In an eye-opening, yet equally unsurprising study, it’s been uncovered that 23% of under 35s in Britain deny the existence of toxic masculinity altogether.
The term toxic masculinity refers to “an adherence to traditional male gender roles that consequently stigmatize and limit the emotions boys and men may comfortably express while elevating other emotions such as anger.”
Examples of men displaying toxic masculinity include the fragility of their heterosexuality (such as suggesting “eating bananas” or “recycling” is somehow gay), systemic misogyny, unnecessary violence, and the constructed facade of a man that doesn’t need to show emotion.
But research by online learning platform FutureLearn and the University of Glasgow found that 12 million Brits do not believe in the concept. In fact, 23% don’t believe that it’s never existed, meaning that twice as many people believe in Jesus who they’ve never met, but don’t believe in the toxic traits obtained by most of the men in their lives.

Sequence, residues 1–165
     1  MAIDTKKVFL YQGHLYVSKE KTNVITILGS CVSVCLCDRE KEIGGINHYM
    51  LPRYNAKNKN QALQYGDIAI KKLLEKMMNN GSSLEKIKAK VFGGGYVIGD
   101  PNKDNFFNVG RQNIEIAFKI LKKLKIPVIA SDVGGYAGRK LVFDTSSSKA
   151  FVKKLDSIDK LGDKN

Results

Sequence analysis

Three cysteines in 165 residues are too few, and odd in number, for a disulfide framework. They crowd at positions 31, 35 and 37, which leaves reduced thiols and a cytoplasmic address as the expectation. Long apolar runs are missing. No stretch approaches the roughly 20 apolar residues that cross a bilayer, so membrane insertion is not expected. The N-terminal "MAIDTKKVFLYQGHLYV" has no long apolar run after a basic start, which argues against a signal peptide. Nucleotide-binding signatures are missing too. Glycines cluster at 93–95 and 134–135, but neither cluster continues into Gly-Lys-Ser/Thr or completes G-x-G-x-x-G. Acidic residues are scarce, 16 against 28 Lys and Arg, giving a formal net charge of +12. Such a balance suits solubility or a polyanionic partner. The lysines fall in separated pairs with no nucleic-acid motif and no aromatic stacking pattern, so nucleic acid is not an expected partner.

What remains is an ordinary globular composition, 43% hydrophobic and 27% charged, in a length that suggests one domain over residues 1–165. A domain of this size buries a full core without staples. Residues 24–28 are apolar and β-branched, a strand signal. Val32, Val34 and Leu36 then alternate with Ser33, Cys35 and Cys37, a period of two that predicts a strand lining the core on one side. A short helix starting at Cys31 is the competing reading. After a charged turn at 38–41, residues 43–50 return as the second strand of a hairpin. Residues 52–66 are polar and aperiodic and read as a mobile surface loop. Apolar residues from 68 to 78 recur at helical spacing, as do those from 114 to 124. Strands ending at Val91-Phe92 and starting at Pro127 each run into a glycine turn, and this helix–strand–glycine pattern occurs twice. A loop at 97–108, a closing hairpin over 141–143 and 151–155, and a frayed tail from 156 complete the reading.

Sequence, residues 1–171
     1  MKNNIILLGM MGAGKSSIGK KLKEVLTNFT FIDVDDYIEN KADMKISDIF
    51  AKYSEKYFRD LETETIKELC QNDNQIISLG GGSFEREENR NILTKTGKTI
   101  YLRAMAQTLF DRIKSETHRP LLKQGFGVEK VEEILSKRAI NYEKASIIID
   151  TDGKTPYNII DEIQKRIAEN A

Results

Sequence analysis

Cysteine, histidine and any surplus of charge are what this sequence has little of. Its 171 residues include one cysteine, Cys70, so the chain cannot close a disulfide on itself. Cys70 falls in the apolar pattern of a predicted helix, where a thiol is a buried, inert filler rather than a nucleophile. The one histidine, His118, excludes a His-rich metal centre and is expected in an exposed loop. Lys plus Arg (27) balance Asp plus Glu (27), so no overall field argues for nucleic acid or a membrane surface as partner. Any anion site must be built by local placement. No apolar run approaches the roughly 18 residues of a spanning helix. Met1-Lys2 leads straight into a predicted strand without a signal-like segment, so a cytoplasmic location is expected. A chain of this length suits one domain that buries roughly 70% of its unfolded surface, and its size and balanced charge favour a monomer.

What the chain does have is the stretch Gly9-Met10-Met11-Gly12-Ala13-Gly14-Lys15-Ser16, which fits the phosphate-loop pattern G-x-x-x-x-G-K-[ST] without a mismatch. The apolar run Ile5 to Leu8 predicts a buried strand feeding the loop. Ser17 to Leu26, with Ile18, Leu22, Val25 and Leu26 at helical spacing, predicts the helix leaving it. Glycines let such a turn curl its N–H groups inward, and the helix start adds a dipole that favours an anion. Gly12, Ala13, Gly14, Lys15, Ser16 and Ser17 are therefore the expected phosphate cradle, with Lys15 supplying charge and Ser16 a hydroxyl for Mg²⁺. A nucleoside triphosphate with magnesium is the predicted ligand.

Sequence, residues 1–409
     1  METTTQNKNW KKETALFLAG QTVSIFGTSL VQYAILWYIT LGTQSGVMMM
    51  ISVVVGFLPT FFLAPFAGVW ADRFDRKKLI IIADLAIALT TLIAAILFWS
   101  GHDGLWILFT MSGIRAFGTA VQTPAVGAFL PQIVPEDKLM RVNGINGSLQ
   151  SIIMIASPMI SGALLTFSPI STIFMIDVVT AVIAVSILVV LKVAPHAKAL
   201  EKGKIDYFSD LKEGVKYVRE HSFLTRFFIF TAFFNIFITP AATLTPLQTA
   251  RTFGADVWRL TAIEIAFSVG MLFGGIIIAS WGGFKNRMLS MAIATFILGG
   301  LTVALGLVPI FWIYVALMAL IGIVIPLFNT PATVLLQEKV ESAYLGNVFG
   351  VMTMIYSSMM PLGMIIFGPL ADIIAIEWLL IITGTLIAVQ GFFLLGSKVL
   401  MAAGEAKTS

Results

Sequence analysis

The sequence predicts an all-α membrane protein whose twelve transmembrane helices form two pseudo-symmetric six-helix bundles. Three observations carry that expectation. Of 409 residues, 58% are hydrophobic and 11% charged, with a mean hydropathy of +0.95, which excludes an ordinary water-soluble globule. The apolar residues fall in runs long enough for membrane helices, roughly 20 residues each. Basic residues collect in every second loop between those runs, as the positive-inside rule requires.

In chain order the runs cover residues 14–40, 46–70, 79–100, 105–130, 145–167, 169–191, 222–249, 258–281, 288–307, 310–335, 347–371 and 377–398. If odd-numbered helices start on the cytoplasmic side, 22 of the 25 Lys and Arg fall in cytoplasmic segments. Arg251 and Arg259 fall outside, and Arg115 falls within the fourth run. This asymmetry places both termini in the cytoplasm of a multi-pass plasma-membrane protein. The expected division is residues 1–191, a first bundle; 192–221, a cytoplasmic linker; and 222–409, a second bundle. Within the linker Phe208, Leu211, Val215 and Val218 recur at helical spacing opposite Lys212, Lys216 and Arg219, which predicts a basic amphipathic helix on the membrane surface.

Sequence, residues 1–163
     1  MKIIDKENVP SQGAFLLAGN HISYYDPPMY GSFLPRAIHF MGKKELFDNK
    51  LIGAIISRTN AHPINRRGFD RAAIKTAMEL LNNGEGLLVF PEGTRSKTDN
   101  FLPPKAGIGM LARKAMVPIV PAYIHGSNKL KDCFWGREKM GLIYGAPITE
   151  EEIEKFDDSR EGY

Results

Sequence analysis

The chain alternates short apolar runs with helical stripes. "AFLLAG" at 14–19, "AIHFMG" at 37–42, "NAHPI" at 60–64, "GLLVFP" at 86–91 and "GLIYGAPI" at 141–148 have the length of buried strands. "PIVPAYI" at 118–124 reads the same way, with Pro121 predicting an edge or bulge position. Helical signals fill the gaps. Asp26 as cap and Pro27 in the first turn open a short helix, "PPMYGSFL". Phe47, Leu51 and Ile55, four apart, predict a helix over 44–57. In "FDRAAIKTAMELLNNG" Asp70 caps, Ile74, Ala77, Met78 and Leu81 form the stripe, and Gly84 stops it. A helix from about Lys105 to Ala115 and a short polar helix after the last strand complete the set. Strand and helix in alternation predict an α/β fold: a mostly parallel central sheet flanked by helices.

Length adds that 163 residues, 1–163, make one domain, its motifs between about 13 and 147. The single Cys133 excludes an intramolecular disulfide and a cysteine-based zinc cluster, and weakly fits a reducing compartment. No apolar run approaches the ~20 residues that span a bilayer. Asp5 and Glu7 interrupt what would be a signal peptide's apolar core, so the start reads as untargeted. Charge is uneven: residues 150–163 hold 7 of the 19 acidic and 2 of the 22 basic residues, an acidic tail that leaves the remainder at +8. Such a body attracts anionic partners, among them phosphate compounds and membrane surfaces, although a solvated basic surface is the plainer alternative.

The sample comes from 2080 people said to be representative of the UK as a whole.
Furthermore, nearly a quarter of men “don’t believe gender inequality is a reality that exists in society”. With the clear irony being that men afflicted with toxic masculinity would not acknowledge gender inequality or toxic masculinity itself.
The two most common responses for the reason behind toxic masculinity were: “a stereotypical image of what it means to be masculine” and “an environment that allows for misogyny”.
Dr Cheadle, a lecturer in gender history at the University of Glasgow, has put together a free online course titled “A Global History of Sex and Gender” to educate people on gender history, equality and stereotypes.
Cheadle said: “This course provides the vital historical perspective necessary to enact meaningful social change.